Thursday, June 12, 2008
Which cities are better prepared for high gas prices?
Here's an interesting piece on CNN; it concerns the spread nature of Oklahoma City and how it costs a lot more to drive to work. The first interesting thing I found was that, as a result, people starting organizing carpools. Hey, markets work! Who'd have thought? That would make a great country-wide story-- how carpools spontaneously have emerged with the lower search costs of the internet and the higher costs of driving yourself.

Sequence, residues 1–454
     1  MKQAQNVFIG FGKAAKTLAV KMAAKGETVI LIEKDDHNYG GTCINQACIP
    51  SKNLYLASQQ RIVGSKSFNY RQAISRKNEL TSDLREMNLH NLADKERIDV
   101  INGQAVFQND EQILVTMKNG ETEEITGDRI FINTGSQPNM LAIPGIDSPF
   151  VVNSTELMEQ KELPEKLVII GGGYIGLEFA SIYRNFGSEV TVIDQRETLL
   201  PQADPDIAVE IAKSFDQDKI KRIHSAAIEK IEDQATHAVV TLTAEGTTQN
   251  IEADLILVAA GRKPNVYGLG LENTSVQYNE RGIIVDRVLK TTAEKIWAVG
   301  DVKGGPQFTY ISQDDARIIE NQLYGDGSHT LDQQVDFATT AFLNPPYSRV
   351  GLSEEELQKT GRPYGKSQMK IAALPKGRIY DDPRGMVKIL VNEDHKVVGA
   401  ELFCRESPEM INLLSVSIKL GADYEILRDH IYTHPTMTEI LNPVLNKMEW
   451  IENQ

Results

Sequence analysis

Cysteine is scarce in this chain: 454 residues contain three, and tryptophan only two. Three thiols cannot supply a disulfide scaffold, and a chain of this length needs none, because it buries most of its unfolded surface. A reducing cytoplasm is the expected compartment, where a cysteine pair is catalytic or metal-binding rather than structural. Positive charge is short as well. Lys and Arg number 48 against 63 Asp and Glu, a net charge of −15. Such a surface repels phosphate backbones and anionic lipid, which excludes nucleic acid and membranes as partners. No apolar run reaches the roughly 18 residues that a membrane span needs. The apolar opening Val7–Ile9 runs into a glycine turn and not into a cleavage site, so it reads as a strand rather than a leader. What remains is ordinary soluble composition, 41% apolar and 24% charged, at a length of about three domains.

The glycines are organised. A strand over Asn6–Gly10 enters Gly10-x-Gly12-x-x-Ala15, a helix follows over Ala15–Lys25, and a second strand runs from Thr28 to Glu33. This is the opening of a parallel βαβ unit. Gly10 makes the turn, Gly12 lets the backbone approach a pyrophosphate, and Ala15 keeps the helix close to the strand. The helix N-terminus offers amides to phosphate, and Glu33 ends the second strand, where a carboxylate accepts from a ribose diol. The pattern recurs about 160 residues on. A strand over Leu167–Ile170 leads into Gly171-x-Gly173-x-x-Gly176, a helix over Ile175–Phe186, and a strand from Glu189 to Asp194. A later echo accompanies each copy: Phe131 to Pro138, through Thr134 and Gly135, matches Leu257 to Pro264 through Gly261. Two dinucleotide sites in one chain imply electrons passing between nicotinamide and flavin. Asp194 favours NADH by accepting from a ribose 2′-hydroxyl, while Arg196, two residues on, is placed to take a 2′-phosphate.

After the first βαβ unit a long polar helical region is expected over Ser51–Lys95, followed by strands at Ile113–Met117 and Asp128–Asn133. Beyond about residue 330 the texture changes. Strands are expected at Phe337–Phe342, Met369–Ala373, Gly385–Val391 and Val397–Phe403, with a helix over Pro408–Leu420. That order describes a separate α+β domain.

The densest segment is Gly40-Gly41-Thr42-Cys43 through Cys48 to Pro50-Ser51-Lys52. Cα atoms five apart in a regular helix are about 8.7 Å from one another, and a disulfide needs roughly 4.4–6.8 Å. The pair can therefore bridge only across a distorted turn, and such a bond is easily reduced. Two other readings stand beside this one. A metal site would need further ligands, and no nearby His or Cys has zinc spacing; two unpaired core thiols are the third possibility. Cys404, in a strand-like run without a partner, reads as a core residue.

It also mentioned a study by Common Current, which ranks the 50 most populous U.S. cities on the metric of being most prepared for high gas prices. (The pdf of that study is here.) The stats used are city public transit use, national metro transit use, metro sprawl data, heating oil use, and carpooling data. Endogeneity abounds in those measures, of course, but it's still interesting to see the final result. San Francisco, New York and Chicago lead the group; Louisville, Tulsa and Oklahoma city bring up the rear. I'd say a general trend, at least from eyeballing the list, is that richer cities are nearer the top. Of course, richer cities can better afford the burden of a complex transit system; if building a complex subway system were the panacea for sluggish city growth, I'd be taking the underground here in Morgantown from my office to the student center for a sandwich. Let's hope policy makers don't draw such conclusions.